dawnybird Posted 4 Aug 2012 , 11:15pm
post #1 of

I have seen many cakes that were described as mud cakes here in the gallery. I searched recipes and there seems to be a lot of variation. What makes something a mud cake, and can anyone recommend a good recipe for it? Since I don't know what it's supposed to be like, I don't know which recipe to choose. I take it you can make a white choc. or dark chocolate flavor?
Thanks, guys!

55 replies
Evoir Posted 4 Aug 2012 , 11:55pm
post #2 of

You can make much more than those three! I have over 20 varieties on offer to my clients icon_biggrin.gif

Basically, a mud cake is very dense, has a tight crumb, does not crumb when you cut it, and carves best of any cake type. They ALL have melted chocolate in them.

A mud cake is made by mixing your liquids into your dry ingredients. You melt chocolate, butter, and your other liquids (eg coconut milk) in a saucepan, then add to your flour and cocoa and sugar etc.

Hope this helps. When looking for a recipe to try, I'd recommend using an Australian recipe - simply because they are our stock in trade, so we know our mud cakes icon_smile.gif

Start with a google search for Australian Women's Weekly.

kelleym Posted 5 Aug 2012 , 1:20am
post #3 of

Sounds somewhat like an American brownie.

dawnybird Posted 5 Aug 2012 , 3:34am
post #4 of

Thanks, Evoir. I'll do some googling and see what I can find!

cheatize Posted 5 Aug 2012 , 3:47am
post #5 of

This may seem obvious to other people, but when the recipes on the Australian Women's Weekly site says, "whisk" does it really mean to whisk it or does it mean to mix it?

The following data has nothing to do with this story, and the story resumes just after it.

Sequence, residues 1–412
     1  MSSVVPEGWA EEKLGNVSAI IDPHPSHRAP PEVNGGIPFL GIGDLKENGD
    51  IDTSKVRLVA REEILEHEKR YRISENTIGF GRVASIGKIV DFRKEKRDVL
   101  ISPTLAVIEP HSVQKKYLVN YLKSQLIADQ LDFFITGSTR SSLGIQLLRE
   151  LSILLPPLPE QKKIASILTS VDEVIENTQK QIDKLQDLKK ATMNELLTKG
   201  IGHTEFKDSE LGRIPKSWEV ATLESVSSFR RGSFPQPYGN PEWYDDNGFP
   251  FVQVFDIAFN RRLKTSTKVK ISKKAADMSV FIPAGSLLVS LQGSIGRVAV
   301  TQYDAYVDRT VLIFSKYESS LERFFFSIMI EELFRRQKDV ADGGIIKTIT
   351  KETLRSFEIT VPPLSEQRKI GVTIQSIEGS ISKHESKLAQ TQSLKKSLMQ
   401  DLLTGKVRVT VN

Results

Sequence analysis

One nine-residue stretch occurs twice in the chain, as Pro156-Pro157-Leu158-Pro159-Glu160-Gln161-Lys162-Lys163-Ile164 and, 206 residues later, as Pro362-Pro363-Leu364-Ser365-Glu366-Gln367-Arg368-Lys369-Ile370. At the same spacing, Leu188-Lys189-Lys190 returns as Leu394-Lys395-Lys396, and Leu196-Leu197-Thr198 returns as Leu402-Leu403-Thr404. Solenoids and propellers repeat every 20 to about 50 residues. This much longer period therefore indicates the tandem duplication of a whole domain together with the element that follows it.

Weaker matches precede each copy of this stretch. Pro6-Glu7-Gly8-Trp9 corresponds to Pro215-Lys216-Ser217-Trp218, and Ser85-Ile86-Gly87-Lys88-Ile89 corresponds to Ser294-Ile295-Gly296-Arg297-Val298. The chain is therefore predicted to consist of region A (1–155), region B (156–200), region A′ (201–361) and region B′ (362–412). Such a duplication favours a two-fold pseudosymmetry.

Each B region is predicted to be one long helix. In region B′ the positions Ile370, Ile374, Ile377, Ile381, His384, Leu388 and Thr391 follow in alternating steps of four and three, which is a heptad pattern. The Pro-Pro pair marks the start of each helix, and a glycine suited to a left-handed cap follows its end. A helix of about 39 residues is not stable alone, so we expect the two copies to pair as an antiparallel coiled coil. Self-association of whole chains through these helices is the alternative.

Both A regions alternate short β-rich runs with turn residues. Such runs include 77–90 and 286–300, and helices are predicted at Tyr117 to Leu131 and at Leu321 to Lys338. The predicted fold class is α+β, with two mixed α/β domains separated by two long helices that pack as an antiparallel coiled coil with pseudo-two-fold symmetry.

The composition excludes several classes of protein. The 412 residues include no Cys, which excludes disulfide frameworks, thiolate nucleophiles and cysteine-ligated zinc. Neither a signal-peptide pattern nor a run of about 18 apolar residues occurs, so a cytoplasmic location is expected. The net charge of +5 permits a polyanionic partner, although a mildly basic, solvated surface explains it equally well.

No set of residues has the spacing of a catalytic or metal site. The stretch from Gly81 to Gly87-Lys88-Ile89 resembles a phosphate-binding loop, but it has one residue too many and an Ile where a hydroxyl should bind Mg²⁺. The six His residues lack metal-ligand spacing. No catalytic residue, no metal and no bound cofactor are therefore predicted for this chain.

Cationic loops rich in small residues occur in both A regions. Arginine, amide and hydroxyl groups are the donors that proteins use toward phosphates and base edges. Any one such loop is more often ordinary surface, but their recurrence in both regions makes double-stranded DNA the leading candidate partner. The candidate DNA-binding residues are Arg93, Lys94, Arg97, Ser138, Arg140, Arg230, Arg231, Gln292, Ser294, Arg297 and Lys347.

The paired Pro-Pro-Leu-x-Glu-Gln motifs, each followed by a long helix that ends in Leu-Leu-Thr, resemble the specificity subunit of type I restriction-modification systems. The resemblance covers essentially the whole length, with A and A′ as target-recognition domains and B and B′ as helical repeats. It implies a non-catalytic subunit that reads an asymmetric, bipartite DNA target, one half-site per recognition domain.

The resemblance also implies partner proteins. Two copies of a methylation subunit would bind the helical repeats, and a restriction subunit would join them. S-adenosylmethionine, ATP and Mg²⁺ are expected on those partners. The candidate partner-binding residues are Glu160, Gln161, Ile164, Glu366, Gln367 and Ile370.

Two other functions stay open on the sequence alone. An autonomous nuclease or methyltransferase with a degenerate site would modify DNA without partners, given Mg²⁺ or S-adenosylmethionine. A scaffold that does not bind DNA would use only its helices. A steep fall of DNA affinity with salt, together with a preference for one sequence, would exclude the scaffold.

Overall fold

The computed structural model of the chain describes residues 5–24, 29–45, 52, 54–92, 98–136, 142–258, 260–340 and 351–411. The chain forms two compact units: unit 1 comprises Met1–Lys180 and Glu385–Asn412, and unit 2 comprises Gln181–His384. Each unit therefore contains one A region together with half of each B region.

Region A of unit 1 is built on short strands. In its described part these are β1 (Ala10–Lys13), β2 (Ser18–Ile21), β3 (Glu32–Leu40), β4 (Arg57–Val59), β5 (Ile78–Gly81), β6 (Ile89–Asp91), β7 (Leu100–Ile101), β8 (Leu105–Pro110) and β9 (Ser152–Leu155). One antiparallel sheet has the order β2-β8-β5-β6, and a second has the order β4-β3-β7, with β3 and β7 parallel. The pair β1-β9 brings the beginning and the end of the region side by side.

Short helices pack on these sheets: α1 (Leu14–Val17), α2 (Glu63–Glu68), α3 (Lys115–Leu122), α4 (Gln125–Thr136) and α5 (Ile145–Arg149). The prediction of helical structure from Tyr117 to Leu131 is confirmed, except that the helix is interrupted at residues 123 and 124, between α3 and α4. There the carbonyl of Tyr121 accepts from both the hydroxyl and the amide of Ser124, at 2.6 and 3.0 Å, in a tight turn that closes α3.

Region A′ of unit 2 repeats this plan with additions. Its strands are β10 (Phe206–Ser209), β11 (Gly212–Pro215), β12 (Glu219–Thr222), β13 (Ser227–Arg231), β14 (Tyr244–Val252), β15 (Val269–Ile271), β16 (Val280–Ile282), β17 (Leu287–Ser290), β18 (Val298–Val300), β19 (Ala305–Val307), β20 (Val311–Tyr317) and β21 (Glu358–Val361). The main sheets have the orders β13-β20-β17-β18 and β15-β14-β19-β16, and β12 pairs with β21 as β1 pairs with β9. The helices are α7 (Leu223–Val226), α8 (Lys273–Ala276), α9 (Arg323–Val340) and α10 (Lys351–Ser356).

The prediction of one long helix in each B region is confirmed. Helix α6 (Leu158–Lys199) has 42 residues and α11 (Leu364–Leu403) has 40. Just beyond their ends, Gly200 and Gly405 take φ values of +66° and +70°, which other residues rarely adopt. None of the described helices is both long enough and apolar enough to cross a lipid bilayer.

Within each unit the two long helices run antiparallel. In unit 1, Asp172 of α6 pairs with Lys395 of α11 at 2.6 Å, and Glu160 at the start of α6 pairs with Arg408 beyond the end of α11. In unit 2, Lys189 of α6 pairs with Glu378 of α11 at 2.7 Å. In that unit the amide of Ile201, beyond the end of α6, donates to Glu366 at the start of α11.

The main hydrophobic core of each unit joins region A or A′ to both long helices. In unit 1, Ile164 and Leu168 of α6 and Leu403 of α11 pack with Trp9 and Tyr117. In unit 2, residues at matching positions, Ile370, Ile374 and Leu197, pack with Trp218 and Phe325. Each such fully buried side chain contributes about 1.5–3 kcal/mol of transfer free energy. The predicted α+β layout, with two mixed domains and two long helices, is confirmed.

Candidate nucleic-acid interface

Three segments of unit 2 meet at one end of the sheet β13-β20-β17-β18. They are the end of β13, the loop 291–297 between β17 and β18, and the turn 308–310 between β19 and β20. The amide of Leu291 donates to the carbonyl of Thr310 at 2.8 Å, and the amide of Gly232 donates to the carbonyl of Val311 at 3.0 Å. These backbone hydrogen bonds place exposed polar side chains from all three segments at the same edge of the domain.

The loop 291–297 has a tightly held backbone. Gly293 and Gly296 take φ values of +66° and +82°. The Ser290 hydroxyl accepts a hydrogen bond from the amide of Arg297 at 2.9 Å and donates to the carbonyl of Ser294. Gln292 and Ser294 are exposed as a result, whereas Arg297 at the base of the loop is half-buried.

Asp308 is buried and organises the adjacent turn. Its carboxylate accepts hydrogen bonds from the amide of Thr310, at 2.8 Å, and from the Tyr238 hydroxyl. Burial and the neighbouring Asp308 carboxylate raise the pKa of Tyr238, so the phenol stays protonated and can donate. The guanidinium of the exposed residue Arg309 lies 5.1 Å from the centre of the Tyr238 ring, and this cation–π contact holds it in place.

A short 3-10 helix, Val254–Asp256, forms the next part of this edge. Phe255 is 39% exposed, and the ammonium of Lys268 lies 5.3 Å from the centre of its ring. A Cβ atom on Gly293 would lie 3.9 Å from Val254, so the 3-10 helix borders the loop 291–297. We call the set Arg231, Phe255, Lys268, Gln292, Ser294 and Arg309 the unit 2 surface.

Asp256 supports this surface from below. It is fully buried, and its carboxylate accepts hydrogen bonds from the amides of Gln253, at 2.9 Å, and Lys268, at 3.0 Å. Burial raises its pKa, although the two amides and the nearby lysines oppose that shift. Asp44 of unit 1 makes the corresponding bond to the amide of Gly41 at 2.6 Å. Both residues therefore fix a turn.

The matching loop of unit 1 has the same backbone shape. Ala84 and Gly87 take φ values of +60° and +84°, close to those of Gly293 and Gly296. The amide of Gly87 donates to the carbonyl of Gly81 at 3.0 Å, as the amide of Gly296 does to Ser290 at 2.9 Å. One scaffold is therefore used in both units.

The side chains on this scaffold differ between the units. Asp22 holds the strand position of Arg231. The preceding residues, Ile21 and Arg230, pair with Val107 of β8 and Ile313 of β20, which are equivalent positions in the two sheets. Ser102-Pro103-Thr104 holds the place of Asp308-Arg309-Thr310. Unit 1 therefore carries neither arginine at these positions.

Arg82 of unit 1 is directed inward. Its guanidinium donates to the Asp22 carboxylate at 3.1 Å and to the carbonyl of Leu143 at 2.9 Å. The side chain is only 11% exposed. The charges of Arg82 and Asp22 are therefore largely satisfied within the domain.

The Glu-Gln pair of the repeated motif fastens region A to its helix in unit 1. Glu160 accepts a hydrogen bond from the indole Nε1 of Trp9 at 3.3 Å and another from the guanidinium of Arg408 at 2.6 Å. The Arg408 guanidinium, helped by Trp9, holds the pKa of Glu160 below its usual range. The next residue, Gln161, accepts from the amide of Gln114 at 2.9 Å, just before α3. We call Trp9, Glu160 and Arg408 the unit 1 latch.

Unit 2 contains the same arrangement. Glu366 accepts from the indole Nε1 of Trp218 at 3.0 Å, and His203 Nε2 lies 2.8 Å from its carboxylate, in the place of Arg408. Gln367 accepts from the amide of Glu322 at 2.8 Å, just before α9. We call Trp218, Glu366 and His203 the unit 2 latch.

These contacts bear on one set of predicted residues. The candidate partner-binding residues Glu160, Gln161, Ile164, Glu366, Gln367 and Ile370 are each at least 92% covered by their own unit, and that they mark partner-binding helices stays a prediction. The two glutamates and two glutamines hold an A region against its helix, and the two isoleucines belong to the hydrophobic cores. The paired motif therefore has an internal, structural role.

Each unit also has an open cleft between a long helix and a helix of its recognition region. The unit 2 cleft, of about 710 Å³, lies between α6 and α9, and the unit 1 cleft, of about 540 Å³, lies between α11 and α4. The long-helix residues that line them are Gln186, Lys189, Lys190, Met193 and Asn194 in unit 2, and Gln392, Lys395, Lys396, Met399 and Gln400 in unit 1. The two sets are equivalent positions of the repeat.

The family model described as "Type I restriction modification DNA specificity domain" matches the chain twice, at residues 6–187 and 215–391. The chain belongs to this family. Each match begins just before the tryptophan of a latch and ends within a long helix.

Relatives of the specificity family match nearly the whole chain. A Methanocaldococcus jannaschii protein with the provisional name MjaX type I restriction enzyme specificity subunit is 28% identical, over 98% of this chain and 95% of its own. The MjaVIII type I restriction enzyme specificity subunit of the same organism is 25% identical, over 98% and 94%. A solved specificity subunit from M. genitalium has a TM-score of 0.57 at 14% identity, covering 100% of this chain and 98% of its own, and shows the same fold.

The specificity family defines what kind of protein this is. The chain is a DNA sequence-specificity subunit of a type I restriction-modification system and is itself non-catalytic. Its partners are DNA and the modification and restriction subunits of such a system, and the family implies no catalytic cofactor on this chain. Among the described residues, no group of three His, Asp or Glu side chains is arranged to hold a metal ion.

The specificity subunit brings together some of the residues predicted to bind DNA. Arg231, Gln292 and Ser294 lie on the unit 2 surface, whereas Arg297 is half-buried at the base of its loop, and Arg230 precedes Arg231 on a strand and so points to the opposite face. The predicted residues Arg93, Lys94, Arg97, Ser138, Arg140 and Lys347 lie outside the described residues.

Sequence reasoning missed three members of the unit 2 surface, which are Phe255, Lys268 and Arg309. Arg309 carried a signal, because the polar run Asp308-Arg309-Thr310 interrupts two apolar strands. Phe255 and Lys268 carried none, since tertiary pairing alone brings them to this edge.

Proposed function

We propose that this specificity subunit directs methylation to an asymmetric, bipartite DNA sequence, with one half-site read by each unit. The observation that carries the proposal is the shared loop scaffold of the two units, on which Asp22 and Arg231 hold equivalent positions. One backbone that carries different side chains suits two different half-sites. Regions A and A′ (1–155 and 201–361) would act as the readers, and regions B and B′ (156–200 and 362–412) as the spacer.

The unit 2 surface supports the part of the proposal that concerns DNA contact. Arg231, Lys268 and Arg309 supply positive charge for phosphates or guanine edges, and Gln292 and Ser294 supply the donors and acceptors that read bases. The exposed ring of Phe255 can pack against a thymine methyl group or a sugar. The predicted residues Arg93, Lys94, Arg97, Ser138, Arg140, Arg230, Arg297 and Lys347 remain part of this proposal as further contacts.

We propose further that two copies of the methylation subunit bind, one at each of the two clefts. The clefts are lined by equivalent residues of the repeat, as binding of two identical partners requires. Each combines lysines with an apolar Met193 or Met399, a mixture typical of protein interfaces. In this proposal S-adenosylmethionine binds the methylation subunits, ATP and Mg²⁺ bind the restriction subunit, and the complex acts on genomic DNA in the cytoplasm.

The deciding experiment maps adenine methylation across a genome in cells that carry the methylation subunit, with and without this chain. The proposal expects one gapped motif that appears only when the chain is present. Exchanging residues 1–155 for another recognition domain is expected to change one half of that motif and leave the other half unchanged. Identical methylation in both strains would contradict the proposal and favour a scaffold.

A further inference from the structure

Chellescakes Posted 5 Aug 2012 , 4:08am
post #6 of

Cheatize , I use a whisk to mix my mudcakes with, I find that it combines the wet and dry together better.

Evoir Posted 6 Aug 2012 , 7:46am
post #7 of

I use a whisk too icon_smile.gif

Chellescakes Posted 6 Aug 2012 , 11:15am
post #8 of

another important thing to know about a mudcake is that they should never be eaten fresh. I never cut mine until at least the third day . I usually bake monday or Tuesday for a Saturday wedding . They are usually good to eat two weeks after the wedding unrefrigerated. I ganache and fondant my cakes.

Bluehue Posted 6 Aug 2012 , 3:05pm
post #9 of
Quote:
Originally Posted by Chellescakes

another important thing to know about a mudcake is that they should never be eaten fresh. I never cut mine until at least the third day . I usually bake monday or Tuesday for a Saturday wedding . They are usually good to eat two weeks after the wedding unrefrigerated. I ganache and fondant my cakes.